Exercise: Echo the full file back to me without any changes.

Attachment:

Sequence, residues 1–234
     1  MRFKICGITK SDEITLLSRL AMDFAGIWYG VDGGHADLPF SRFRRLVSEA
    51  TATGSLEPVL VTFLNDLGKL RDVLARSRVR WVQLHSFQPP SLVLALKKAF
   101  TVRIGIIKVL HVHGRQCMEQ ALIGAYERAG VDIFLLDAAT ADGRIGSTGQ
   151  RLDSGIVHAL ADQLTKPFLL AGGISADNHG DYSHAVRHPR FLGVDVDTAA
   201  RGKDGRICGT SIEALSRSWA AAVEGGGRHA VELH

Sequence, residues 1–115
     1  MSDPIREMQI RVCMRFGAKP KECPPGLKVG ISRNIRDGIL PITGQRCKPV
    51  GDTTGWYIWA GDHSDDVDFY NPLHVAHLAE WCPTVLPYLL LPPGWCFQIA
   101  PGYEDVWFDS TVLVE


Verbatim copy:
Sequence, residues 1–234
     1  MRFKICGITK SDEITLLSRL AMDFAGIWYG VDGGHADLPF SRFRRLVSEA
    51  TATGSLEPVL VTFLNDLGKL RDVLARSRVR WVQLHSFQPP SLVLALKKAF
   101  TVRIGIIKVL HVHGRQCMEQ ALIGAYERAG VDIFLLDAAT ADGRIGSTGQ
   151  RLDSGIVHAL ADQLTKPFLL AGGISADNHG DYSHAVRHPR FLGVDVDTAA
   201  RGKDGRICGT SIEALSRSWA AAVEGGGRHA VELH

Sequence, residues 1–115
     1  MSDPIREMQI RVCMRFGAKP KECPPGLKVG ISRNIRDGIL PITGQRCKPV
    51  GDTTGWYIWA GDHSDDVDFY NPLHVAHLAE WCPTVLPYLL LPPGWCFQIA
   101  PGYEDVWFDS TVLVE